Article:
By The Metric Maven
It was when Star Trek The Original Series (TOS) was in reruns, that I first noticed its use of metric units. I was very pleased, and assumed they were used exclusively, but then completely disappointed when one episode was metric and another used imperial and often they mixed both. The 22nd Century was not what I had hoped for, an all metric one. I can only hope the Erlenmeyer flask Spock is holding in this comic book cover is graduated in milliliters.
I began to wonder how much metric usage occurred in Star Trek. To find out, I decided to watch all 79 episodes and keep track of metric and imperial usage. This seemed like a simple task, just write down the units used and tally them up. What I realized, after a while, was that the undertaking was more nuanced than it appeared on the surface. Sometimes measurement units were used as proverbial metaphors. For instance in Episode 77 – The Savage Curtain:
SCOTT: You’d never know anything had been out of order. I can’t fathom it.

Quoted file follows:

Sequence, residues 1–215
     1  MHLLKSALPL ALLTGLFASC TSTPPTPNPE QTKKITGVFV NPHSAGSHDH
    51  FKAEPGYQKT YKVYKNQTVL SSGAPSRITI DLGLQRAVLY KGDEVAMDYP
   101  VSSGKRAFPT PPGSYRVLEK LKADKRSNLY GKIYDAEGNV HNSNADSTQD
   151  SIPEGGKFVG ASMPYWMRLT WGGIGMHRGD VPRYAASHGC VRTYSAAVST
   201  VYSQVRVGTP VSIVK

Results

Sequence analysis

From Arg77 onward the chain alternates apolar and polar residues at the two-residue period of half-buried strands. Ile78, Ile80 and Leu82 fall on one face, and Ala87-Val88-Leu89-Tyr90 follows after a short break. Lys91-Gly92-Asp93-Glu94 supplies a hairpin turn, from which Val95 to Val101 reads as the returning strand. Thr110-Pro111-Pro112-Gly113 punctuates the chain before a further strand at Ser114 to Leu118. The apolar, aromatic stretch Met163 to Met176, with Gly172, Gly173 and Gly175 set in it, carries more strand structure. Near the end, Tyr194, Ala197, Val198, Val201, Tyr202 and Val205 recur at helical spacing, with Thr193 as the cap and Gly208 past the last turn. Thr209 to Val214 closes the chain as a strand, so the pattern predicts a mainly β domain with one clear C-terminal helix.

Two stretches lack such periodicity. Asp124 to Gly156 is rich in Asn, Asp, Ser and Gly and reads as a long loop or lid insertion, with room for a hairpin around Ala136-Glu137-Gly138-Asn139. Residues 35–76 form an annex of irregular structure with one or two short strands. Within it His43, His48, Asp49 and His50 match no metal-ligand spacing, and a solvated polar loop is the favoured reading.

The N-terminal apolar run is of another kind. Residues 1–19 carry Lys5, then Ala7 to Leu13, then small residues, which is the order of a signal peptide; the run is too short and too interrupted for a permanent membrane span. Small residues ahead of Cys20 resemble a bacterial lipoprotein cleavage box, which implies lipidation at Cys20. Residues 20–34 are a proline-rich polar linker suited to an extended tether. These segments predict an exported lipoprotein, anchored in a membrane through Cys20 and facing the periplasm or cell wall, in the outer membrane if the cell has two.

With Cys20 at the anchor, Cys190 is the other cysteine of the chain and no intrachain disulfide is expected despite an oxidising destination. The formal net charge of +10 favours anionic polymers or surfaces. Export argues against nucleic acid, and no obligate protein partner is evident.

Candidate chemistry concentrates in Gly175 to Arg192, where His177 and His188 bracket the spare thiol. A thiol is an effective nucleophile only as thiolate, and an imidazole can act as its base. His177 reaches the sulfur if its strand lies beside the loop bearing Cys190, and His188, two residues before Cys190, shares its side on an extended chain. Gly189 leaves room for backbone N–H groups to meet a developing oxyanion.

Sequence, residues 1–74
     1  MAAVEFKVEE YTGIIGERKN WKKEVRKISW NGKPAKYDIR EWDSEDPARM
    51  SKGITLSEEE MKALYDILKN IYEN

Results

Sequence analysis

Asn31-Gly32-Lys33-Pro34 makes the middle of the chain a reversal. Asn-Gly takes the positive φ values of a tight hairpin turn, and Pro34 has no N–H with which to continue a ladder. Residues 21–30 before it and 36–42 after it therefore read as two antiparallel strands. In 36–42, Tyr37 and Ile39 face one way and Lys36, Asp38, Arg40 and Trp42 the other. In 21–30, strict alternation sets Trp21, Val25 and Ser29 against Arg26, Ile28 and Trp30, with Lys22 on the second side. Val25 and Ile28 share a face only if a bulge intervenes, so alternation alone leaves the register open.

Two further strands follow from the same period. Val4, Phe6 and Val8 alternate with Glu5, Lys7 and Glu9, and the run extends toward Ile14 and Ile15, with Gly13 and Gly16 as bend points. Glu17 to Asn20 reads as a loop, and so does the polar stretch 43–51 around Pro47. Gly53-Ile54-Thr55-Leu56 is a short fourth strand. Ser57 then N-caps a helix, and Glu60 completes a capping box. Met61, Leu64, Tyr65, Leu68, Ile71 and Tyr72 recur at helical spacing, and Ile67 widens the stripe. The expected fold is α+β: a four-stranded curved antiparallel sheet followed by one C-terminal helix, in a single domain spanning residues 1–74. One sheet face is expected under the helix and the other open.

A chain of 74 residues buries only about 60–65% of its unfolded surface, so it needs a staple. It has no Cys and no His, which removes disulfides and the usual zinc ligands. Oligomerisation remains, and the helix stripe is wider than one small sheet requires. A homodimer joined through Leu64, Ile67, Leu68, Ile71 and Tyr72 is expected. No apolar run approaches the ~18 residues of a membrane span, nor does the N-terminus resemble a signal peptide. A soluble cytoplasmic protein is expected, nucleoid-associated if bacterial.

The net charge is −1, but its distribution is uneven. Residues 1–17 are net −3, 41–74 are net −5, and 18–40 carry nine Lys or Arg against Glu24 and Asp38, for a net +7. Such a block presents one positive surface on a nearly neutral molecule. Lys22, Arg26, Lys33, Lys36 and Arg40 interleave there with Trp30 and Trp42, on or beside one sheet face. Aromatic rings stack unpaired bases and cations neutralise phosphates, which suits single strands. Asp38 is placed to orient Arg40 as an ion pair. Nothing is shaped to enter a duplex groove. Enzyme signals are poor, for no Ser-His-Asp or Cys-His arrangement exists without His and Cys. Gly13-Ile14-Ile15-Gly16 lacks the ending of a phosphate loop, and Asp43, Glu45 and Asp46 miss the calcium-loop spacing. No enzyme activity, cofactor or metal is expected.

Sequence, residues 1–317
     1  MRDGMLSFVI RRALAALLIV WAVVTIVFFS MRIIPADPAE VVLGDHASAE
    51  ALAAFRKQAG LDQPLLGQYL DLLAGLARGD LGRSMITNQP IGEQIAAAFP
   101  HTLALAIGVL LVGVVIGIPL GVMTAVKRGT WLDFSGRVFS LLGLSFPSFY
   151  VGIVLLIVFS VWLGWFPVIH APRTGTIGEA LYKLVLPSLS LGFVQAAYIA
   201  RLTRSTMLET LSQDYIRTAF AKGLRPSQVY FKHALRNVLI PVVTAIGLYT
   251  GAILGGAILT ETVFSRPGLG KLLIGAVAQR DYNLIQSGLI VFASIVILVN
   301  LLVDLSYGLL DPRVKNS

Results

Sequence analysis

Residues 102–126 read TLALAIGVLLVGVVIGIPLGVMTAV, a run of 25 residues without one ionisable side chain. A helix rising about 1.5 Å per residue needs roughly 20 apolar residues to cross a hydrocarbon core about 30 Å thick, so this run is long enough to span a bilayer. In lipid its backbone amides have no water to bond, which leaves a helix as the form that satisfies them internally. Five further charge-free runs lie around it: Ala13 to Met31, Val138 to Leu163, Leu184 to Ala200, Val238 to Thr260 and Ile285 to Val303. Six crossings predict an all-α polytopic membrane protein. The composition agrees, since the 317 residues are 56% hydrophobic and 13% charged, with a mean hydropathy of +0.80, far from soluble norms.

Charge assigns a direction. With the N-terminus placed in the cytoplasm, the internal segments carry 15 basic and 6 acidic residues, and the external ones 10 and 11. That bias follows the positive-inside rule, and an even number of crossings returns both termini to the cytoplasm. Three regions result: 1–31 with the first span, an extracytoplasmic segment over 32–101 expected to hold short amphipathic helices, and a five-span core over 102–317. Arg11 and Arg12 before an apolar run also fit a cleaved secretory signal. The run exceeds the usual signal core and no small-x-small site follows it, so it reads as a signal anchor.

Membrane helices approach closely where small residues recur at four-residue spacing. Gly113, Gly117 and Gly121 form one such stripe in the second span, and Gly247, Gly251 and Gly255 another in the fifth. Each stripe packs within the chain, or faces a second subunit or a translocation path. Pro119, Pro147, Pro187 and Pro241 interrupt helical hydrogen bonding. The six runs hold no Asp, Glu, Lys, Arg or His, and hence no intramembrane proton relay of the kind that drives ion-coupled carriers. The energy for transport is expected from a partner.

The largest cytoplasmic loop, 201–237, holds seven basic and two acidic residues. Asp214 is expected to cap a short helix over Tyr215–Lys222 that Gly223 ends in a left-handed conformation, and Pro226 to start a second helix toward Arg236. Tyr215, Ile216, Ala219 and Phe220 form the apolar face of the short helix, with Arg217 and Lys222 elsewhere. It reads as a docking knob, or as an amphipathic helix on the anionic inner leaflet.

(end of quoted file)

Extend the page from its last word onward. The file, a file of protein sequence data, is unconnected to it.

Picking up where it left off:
I could not see claiming that Mr Scott had used an imperial measurement in this episode. Scotty was clearly using a metaphor, and fathom in this case is really a verb, and not a noun.
In the same episode, another exchange occurred that caused me interpretive difficulty:
KIRK: Yes, if I recall, your Union Army observation balloons were tendered six hundred or so feet high. We’re six hundred and forty three miles above the surface of this planet.
LINCOLN: You can measure great distances that closely?
SPOCK: We do, sir. Six hundred forty three miles, two thousand twenty one feet, two point zero four inches at this moment, using your old-style measurements.
LINCOLN: Bless me.
Did Captain Kirk convert metric units over to imperial for the benefit of President Lincoln? Spock indicated that the Units he used were “old-style,” and therefore implied they were not used in the 22nd Century. The usage of imperial units seemed to be employed only as a courtesy to the 19th century President. Miles, feet and inches with a decimal point?—oh my! One can only hope Spock was thinking to himself: “how utterly devoid of logic the old style system is.” We will also not explore how he could quote a distance to the planet with an accuracy of 1 mm (0.04″).
At the beginning of the episode Mr Spock relates:
SPOCK: An area of approximately one thousand square kilometers. It measures completely Earth-like.
Given the “weight” of the evidence, I judge The Savage Curtain to be an “all metric” episode, despite the appearance of imperial units. In one case as metaphor, and in the other, as a convenience to “President Lincoln.”